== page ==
Thursday, February 21, 2008

some correspondences: Grandieux>>Lynch>>Bunuel>>the Spanish Civil War

(reverse order)

Y/day, one of the local op shops yielded up a book on the Spanish Civil War. Interesting fact at p. 53:

"... after the collapse of the Bourbons in the Napoleonic Wars, the Church, gaining popularity from its championship of the opposition to Napoleon, became the centre of resistance to liberal ideas. Its most violent protagonists grouped themselves into the Society of the Exterminating Angel."
(Hugh Thomas, "The Spanish Civil War" 1961 Penguin p/b)

Which would merely serve to confirm something already well known (I guess): Bunuel's films are taking place in all kinds of amazing metatextual arenas. The quote above provides a wry joke on the 'protagonists' of another Spanish drama, his El Angel exterminador (1962) - suggesting a sinister motive for that seemingly innocent bourgeois dinner party. Bunuel's fantasy of revenge on Falangist conspirators? Maybe...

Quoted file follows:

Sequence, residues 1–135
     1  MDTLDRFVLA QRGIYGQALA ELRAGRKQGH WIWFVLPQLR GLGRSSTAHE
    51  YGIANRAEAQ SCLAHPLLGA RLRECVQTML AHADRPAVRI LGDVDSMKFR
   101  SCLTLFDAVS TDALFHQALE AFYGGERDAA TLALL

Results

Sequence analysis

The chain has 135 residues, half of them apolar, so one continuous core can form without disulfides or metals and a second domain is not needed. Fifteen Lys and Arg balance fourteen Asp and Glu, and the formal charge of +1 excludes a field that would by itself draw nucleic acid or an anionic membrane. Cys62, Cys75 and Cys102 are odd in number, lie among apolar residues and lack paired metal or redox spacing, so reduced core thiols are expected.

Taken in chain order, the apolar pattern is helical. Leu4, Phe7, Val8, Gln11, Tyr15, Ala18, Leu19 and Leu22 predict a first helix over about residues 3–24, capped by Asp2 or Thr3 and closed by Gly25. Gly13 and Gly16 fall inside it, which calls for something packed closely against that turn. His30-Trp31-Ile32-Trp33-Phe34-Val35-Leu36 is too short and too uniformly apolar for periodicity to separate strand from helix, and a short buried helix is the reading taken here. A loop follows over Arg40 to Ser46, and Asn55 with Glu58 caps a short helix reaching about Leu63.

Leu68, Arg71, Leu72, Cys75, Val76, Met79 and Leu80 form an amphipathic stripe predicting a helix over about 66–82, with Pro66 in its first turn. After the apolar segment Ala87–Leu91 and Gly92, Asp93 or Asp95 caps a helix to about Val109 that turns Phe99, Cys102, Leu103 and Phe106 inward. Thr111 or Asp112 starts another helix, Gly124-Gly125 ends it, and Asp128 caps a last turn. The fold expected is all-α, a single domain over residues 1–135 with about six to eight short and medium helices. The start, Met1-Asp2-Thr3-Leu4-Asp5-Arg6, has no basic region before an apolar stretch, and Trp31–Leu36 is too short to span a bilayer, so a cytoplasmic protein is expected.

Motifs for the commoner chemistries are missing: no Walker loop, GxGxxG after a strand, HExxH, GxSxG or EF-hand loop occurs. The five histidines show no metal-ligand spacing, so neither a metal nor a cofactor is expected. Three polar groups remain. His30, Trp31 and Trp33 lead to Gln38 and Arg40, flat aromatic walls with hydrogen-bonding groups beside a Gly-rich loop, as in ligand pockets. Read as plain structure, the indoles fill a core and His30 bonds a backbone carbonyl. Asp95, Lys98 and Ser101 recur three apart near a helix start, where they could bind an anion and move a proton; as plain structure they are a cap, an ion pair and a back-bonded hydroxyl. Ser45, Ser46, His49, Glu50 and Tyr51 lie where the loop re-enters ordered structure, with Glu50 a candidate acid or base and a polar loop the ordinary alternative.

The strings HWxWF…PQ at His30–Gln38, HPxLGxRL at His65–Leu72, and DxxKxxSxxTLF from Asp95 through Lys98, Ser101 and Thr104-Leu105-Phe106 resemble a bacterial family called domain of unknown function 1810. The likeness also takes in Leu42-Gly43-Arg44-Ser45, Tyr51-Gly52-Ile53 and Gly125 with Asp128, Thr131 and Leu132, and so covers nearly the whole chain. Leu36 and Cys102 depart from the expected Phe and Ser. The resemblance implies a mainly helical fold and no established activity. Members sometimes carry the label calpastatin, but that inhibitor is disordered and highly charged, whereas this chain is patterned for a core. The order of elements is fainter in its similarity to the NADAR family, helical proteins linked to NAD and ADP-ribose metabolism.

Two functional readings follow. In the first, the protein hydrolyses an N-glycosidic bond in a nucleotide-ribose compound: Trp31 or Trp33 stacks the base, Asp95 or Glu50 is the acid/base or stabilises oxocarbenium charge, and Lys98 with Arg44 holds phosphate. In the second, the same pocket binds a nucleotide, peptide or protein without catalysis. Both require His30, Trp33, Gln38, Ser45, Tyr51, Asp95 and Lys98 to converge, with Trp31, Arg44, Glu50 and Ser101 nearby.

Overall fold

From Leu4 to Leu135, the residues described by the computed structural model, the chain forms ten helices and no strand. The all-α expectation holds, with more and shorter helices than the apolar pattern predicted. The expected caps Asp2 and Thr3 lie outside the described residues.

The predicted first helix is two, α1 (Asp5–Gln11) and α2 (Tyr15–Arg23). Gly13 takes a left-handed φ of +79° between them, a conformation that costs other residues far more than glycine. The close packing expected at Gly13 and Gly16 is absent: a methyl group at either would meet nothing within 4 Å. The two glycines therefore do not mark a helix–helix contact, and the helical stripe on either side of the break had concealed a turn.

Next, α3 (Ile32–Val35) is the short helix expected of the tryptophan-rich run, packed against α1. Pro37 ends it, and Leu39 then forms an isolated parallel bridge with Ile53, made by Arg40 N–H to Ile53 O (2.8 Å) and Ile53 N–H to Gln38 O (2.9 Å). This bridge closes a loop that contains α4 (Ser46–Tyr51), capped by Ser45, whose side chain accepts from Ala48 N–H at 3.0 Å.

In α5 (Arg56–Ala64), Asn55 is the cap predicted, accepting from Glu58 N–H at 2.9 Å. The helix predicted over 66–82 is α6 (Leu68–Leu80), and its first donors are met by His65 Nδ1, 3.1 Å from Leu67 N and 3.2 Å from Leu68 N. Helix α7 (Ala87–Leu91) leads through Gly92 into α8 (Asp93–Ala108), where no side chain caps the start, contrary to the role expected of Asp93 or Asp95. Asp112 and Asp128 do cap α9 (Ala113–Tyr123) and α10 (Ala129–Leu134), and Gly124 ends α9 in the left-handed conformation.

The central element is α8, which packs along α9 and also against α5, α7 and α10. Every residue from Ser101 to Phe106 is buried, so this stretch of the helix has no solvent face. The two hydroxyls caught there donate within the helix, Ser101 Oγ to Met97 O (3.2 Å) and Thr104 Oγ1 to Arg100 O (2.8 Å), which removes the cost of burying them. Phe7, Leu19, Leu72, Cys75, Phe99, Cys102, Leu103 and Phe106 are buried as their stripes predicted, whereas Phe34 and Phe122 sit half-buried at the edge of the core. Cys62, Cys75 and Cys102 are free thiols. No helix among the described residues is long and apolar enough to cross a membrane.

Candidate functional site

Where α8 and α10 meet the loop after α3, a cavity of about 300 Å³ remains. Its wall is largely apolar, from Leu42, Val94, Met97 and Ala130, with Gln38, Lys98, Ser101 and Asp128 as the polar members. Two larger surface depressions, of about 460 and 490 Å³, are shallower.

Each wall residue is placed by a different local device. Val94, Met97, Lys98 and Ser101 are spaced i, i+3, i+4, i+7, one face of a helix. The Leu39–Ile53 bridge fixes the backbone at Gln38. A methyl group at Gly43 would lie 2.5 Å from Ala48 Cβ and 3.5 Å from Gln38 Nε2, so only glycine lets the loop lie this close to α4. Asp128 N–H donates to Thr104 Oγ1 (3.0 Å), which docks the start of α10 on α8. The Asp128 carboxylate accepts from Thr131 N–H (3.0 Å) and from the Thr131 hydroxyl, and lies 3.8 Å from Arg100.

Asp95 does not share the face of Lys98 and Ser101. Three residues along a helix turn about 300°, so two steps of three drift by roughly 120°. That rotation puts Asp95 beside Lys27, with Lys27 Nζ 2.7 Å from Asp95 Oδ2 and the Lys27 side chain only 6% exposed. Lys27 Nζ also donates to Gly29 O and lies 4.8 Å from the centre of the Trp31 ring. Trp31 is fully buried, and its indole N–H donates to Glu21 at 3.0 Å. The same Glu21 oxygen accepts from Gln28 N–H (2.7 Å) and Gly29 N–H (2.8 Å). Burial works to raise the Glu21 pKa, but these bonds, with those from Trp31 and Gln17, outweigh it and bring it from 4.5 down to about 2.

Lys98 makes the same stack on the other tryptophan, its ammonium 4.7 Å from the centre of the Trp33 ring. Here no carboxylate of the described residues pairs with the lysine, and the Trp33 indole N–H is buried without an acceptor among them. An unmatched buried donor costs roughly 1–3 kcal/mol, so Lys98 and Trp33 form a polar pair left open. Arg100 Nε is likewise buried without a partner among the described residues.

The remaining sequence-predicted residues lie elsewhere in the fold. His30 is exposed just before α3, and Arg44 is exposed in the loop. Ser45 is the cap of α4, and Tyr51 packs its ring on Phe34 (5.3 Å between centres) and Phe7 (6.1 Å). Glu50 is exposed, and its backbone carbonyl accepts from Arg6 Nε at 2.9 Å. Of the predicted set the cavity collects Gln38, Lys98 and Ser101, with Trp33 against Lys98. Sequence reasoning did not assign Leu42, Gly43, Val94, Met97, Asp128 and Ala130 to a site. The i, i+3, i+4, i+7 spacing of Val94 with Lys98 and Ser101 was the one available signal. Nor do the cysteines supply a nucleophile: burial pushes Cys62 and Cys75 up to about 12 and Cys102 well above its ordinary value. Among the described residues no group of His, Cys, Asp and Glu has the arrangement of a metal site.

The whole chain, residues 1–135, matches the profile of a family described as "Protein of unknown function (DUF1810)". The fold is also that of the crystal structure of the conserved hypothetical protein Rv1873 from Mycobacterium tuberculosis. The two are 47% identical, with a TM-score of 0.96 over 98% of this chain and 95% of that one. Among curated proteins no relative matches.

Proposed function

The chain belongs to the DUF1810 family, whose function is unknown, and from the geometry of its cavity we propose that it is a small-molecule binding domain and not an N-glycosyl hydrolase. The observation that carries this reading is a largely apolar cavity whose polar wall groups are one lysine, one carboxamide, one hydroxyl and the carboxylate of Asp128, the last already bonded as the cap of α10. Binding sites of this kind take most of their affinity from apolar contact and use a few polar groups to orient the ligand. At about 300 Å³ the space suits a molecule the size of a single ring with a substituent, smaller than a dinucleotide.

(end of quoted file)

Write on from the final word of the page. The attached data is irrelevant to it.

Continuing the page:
Anyways, Bunuel was alike to David Lynch (and very few others) in that he often took responsibility for sound chores with his films. Lynch is more given to ominous timbral mass; Bunuel's soundtracks are punctuated by a sly form of sonic surrealism. I treated with some of this for the 'cognitive dissonance' series for The Night Air (ABC RN), & Aranda makes mention of it in his Bunuel bio-crit... But listen to some of the off-camera but diegetic sound effects in (especially) The Milky Way or The Discreet Charm of the Bourgeoisie & you'll hear what I mean.

Whether consciously or not, Lynch's most recent (& remarkable) feature, Inland Empire, owes a considerable debt to a film by Philippe Grandieux of a couple years previous: La Vie nouvelle. This is true not just of both the audio-image technique, but also of its seedy reckoning with a sexuality that might encompass prostitution and violence, and a disjointed narrative structure that never completely explicates just WTF?!? is actually going on. Both films might be surveying a certain kind of mental landscape; the margins of LA, in the case of Lynch's film, and a darkly visioned underbelly of former Iron Curtain countries (the presence of the UNProFor peacekeepers suggests Sarajevo) in the Grandrieux... what the situationists used to call 'psychogeography'.

Lotsa links:

Exterminating Angel review on Slant

some Bunuel action from senses of cinema

Calanda's Bunuel Centre

Religion in the films of Bunuel

Inland Empire homepage

Adrian Martin on La Vie nouvelle, at KinoEye

An interview with Grandrieux, from Martin's Rouge

Another piece on La Vie nouvelle and more, here

Toronto Psychogeographical Society

Psychogeography and the derive, by Sadie Plant

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